Yahoo's vicious circle keeps things from improving

Yahoo's (YHOO) earnings report for the second quarter continued a long-term problem with revenue. Even as CEO Marissa Mayer pushes to turn the company around, it stubbornly continues pointing as it has for years.

The lack of real improvement isn't a matter of unwillingness. Mayer, as was true with her predecessors, understands the company cannot continue the way it has gone. However, the hurdles Yahoo faces are deeply embedded in the company and a vicious circle that has created a large feedback loop for failure.

Lack of advertiser interest

Despite Yahoo's long history and the fact that its properties are one of the top destinations for people on the Internet, advertisers are relatively uninterested. They buy ads, but aren't enthusiastic about the marketing opportunities through the company. If they were, the advertisers would spend much more, a fact that would be obvious through Yahoo's regular financial filings.

Insufficient organic revenue growth

The lack of advertiser interest has a direct impact on revenue. The less important the company is to marketing strategies, the less money it makes. The pattern is clear even in second-quarter results. Revenue was up 15 percent year over year, with growth in display ads, a critical category for showing advertiser interest, the strongest since 2010. However, there is a big catch: The cost of acquiring that revenue jumped by roughly 3.5 times, wiping out the actual revenue dollar increase. In other words, Yahoo saw growth, but only because it paid handsomely for traffic from other sources. The company needs true organic revenue growth the eventually flows to the bottom line, not out the door.

Scattered strategy

As revenue has continued to disappoint Wall Street long before Mayer arrived, the company has historically tried to find a strategy that would work. That may be a development out of Yahoo's genesis as a directory of interesting things on the Web. The result is that the company runs one way and then another. When was the last time that any CEO of the company could concisely state what it was and what it did? Chasing back and forth continues to cost Yahoo money, as the recent earnings show. Even stripping out one-time items and stock compensation, earnings per share were 16 cents, down from 37 cents last year at the same time and a miss from the perspective of analysts, who expected 19 cents.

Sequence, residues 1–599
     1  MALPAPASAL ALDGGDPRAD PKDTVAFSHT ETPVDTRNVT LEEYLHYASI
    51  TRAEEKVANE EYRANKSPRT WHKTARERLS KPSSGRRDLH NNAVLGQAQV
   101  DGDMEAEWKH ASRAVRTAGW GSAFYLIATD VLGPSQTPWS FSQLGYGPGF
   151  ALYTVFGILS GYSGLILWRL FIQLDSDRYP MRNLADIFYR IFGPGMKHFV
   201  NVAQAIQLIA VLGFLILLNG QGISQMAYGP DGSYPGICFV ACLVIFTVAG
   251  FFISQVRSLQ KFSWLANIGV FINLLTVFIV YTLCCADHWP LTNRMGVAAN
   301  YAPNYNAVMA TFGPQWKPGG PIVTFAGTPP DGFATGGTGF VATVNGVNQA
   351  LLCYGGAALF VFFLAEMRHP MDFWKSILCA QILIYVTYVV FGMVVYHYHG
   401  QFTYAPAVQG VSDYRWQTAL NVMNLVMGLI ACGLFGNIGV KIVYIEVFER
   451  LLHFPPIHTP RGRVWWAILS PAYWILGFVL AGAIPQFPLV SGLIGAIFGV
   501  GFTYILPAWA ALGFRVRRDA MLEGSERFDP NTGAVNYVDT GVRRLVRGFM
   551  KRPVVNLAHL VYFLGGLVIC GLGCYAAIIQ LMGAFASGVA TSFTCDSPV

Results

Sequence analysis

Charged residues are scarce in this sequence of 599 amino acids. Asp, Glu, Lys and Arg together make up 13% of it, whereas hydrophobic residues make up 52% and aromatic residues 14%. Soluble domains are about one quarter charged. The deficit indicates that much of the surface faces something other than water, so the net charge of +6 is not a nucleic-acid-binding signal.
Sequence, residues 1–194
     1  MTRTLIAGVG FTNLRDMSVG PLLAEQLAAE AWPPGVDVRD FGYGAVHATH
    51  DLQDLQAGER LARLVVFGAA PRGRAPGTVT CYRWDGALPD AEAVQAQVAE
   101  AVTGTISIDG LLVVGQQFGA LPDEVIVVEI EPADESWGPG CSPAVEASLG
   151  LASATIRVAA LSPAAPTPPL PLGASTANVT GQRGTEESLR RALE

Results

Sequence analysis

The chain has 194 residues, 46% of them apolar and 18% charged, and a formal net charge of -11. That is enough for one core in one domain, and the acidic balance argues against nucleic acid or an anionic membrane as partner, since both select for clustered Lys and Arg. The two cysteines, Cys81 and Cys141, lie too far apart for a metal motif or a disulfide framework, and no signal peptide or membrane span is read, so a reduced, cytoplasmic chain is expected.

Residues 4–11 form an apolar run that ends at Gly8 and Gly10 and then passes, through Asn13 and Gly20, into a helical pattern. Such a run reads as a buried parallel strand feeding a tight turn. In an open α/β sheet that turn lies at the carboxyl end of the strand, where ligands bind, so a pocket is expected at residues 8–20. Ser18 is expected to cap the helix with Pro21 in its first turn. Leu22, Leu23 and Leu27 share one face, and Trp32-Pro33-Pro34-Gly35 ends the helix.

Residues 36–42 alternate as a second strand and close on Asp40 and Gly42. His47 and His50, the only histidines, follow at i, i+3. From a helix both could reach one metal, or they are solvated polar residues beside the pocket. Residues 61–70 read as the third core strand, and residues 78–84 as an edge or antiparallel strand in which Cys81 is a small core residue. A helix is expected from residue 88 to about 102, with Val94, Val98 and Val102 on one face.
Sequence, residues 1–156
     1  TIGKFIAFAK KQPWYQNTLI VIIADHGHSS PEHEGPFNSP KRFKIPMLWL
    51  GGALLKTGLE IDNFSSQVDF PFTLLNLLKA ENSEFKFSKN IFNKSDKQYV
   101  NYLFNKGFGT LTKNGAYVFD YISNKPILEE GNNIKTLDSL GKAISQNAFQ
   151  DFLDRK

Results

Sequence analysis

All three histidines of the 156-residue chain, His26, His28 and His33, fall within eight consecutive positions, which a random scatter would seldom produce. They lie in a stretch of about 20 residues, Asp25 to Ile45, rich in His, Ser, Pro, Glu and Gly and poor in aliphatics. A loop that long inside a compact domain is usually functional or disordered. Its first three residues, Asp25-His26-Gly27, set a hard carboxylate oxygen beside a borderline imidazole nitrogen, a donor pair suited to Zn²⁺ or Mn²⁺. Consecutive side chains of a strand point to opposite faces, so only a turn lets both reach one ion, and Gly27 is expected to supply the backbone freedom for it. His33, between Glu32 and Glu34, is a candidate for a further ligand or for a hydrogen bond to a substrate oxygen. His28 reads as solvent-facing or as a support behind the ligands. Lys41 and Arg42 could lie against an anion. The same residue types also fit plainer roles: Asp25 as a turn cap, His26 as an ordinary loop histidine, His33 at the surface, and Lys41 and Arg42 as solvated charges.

No viable platform

The thrashing strategy has led to a company that is a collection of many pieces but lacks a perceivable core. Facebook has the social network. Apple has mobile devices and an ecosystem of connected services and content. Google uses its search engine and Android mobile operating system to support most of its businesses. Yahoo's identity is a home page, which is to say that it has none, as people can go to the individual services they want.

Back to the beginning

The result is a fractured set of offerings that don't provide the draw the company needs to keep users bound to it. Advertisers notice this and write down the potential marketing value that Yahoo represents to them, leading to another round of what keeps the company moving in circles rather than progressing.

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    Erik Sherman is a widely published writer and editor who also does select ghosting and corporate work. The views expressed in this column belong to Sherman and do not represent the views of CBS Interactive. Follow him on Twitter at @ErikSherman or on Facebook.